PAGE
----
All 754 patients included in the endTB clinical trial had pulmonary TB, with or without extrapulmonary disease. Everyone provided informed consent prior to starting the trial. They all had rifampicin-resistant and fluoroquinolone-susceptible TB. They were at least 15 years old. A negative pregnancy test was required for inclusion of women of child-bearing potential, but women who became pregnant during the trial could continue the treatment with clinician endorsement and participant consent. Everyone provided thorough informed consent prior to starting the trial.
Trial exclusion criteria were: allergy or hypersensitivity to drugs used in the trial or showing resistance to bedaquiline, delamanid, clofazimine or linezolid; pregnancy, breastfeeding; cardiac risk factors for arrhythmia; severe lab abnormalities, including uncorrectable electrolyte imbalance, and alterations of hemoglobin, creatinine, and liver enzymes.
What is a non-inferiority trial?
The aim of a non-inferiority trial is to show that the new treatment tested is not worse than the existing one by a pre-specified amount. If this can be established, the new treatment can be considered as a replacement for the existing treatment, especially if it has other advantages which make it preferable (due for instance to better duration, tolerance or safety).
What were the most common side effects observed in the clinical trial?
All adverse events (any unfavourable and unintended signs, including abnormal laboratory results, symptoms or a disease, related or not to the treatment regimens) experienced by patients were reported in a standardized manner throughout the trial. Trial results showed that the experimental regimens led to a similar rate of serious adverse events compared to the standard treatment.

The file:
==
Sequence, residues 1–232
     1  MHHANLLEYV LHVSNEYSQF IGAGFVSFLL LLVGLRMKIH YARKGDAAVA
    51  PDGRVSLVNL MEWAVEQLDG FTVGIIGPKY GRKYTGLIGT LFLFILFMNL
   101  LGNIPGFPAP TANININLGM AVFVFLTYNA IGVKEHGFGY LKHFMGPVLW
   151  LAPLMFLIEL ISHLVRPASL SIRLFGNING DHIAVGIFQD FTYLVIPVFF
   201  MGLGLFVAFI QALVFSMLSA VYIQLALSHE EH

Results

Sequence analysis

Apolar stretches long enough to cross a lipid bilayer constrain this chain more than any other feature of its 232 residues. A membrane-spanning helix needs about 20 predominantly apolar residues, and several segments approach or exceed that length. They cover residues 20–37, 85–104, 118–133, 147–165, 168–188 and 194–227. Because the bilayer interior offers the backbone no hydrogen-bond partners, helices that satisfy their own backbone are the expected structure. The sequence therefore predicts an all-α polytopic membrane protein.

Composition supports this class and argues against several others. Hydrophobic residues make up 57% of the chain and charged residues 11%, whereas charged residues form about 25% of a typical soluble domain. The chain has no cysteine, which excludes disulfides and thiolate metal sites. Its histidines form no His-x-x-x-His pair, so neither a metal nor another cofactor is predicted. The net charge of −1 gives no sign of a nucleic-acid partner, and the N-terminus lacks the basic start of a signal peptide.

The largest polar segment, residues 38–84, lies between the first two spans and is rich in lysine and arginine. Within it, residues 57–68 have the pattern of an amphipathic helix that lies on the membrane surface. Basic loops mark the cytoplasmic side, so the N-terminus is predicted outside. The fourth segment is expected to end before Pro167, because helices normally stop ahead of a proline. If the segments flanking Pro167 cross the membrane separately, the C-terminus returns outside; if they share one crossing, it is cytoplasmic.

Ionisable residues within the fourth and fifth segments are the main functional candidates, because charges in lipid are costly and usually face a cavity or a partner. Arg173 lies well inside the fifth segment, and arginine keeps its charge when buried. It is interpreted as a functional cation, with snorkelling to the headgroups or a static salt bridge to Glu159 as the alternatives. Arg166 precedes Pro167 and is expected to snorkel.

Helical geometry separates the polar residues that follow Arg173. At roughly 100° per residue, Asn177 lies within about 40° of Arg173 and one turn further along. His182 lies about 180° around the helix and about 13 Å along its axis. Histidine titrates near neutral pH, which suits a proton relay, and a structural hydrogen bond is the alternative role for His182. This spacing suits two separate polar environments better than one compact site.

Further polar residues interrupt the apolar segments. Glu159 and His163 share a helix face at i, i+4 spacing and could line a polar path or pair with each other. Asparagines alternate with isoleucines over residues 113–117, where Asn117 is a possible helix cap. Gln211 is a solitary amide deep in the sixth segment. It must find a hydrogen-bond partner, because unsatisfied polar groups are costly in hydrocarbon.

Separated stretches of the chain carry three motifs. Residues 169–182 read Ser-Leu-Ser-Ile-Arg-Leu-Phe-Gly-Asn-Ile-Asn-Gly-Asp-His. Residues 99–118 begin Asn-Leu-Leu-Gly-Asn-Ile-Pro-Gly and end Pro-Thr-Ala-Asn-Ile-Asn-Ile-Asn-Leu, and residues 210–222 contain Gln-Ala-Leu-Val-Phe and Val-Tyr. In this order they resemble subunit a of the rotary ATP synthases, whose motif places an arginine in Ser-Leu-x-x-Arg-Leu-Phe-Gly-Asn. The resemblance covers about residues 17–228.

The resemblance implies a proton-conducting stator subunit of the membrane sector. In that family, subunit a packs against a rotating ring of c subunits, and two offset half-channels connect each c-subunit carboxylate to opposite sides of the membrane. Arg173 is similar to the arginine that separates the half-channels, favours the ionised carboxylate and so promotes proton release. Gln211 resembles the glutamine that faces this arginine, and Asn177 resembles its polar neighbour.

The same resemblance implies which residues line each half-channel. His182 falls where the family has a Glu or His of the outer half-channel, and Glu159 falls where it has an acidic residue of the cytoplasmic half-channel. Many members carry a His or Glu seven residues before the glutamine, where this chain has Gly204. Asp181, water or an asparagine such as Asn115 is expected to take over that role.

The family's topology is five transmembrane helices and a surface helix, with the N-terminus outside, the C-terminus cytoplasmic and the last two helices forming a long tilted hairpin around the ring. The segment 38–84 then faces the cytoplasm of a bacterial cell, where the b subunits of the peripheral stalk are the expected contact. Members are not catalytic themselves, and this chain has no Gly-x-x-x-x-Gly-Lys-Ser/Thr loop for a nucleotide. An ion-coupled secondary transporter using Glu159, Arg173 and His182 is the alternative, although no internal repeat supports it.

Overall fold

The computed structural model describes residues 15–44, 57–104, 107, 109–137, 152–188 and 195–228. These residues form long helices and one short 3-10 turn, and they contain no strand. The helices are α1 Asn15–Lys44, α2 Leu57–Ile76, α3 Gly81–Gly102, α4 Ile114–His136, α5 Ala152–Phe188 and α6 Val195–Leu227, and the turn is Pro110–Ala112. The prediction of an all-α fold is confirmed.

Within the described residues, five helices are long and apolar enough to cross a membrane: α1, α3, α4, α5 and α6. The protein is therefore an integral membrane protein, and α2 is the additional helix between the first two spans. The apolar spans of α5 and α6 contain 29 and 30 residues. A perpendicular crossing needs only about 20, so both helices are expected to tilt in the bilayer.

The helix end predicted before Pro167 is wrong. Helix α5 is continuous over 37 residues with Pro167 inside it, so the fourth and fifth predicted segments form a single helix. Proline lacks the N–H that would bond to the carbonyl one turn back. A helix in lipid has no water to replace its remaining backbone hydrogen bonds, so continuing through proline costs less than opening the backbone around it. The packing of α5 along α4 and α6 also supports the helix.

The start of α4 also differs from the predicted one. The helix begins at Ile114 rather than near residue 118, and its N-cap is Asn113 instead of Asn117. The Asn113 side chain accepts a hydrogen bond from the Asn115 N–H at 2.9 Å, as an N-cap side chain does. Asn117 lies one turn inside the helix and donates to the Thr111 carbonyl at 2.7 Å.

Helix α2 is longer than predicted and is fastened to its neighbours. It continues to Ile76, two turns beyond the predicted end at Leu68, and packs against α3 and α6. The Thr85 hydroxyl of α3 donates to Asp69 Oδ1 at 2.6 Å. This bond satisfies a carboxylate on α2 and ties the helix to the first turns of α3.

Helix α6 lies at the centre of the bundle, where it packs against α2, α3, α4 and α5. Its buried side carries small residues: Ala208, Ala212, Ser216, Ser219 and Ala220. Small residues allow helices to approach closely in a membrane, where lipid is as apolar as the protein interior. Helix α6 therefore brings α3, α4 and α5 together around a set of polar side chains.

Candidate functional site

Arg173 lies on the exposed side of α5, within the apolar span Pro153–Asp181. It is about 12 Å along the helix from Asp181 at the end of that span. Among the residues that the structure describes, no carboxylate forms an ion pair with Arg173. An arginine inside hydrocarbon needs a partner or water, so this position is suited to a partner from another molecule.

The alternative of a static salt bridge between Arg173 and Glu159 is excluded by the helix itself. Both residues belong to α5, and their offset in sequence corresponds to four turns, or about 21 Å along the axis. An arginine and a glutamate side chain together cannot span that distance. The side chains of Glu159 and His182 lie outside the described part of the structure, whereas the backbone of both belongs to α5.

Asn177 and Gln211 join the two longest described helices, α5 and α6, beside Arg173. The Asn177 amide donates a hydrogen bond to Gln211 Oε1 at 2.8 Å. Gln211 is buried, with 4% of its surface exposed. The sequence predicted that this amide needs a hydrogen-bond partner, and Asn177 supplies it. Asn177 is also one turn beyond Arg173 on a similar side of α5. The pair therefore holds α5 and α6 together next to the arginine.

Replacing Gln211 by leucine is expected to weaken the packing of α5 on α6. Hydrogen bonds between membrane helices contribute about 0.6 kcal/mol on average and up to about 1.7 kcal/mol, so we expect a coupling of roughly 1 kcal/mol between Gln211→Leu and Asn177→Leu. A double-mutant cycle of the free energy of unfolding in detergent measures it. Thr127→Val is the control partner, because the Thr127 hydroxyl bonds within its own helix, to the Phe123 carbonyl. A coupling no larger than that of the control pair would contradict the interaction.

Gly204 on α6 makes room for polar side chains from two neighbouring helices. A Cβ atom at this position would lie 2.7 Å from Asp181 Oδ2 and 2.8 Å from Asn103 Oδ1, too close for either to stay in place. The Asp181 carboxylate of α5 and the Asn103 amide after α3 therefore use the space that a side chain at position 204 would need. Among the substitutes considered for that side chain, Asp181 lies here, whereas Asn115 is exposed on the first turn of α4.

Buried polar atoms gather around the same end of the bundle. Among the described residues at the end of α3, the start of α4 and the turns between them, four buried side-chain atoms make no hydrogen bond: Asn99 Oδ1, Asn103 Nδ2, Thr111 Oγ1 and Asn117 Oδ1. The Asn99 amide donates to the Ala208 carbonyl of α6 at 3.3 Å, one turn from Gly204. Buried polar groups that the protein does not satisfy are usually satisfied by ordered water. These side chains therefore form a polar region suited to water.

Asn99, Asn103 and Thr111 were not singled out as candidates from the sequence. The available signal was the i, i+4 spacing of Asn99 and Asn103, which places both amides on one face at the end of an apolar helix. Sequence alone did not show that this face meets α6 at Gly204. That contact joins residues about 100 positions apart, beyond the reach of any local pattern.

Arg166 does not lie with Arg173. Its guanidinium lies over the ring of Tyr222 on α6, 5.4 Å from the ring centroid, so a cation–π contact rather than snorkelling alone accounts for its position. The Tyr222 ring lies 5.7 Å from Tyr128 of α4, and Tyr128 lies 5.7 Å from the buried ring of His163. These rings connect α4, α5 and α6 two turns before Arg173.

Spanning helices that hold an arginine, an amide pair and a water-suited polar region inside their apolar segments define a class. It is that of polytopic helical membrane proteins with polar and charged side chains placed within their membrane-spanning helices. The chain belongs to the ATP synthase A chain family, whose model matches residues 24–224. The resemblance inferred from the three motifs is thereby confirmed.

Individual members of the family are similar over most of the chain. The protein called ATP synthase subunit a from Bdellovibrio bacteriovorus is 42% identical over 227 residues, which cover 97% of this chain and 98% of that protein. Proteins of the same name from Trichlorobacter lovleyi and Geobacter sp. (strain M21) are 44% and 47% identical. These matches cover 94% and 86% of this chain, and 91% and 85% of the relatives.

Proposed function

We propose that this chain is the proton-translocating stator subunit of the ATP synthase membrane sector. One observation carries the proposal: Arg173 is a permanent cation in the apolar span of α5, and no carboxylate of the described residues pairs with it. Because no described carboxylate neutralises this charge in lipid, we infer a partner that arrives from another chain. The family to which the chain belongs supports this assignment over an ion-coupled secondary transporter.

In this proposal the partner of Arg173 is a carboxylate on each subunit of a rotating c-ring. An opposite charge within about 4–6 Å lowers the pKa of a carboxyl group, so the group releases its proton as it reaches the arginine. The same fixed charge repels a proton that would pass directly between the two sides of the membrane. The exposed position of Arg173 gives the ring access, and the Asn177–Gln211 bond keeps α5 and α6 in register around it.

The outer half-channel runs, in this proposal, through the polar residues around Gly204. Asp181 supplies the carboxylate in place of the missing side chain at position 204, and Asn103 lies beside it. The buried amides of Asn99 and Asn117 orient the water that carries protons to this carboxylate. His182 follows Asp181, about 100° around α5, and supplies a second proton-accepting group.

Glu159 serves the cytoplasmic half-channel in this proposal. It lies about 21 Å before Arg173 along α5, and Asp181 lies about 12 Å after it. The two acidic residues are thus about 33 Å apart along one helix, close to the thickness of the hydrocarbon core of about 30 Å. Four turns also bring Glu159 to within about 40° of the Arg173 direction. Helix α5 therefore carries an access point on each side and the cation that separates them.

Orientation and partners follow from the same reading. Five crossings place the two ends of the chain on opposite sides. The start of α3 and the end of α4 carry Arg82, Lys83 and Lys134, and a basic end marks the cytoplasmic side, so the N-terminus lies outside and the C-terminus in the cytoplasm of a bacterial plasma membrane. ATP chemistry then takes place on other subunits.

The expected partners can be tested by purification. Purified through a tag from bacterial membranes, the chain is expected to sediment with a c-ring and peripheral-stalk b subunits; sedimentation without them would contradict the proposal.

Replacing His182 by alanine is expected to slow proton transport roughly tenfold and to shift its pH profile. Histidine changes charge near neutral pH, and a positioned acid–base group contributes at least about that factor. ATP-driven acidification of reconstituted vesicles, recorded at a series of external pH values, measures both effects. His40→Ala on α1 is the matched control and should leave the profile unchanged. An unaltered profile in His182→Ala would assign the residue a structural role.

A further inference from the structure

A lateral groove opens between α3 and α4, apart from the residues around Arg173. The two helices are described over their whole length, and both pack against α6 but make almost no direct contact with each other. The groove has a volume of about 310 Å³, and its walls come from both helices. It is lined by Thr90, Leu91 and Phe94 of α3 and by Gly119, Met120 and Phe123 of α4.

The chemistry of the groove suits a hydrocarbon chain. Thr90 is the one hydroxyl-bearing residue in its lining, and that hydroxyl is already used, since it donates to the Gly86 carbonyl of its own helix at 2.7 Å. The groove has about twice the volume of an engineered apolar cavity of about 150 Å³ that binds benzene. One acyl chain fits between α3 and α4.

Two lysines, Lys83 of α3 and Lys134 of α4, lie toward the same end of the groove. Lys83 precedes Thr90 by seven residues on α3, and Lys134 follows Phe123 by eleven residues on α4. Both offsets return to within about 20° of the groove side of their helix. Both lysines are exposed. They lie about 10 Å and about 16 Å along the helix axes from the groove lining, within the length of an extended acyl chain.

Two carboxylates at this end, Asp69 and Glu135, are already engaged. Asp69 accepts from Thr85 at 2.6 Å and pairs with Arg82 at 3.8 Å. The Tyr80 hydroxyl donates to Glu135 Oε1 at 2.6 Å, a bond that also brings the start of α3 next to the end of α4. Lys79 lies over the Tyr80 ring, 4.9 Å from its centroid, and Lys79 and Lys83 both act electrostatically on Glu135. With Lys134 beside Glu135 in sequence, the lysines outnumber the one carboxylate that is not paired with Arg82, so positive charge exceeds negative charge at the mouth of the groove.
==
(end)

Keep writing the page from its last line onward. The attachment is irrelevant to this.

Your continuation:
The most common and frequent adverse event observed was hepatotoxicity (impairment of the liver function). Liver-related side effects are known side effects of most drugs used to treat TB and MDR-TB. During the endTB trial, clinicians performed monthly patient follow-up, leading to a readjustment of treatment when necessary, and all cases of drug-induced hepatotoxicity did not lead to irreversible health consequences for patients who were part of the trial.
Cardiotoxicity can also be caused by most of the drugs included in the endTB regimens (bedaquiline, moxifloxacin, clofazimine-major; delamanid, levofloxacin-modest) and was one of the biggest concerns with the advent of the new drugs. In endTB trial, cardiotoxicity was not a major issue. It occurred infrequently, and only when clofazimine was paired with another major QT-prolonging drug.
Mortality and recurrence of TB (i.e., cultures that become positive again after the end of treatment) were uncommon.
How does this trial affect the life of current and future MDR/RR-TB patients?
endTB results offer multiple new patient-centered treatment alternatives to the existing MDR/RR-TB regimens and to drug intolerances, drug-drug interactions, contraindications, drug resistance and lack of drug availability. They will empower clinicians to tailor shortened MDR/RR-TB treatment to individual patient characteristics and conditions, regardless of age, pregnancy, and comorbidities (including HIV, diabetes, and Hepatitis B and C, substance use disorders) that are common among people with MDR/RR-TB.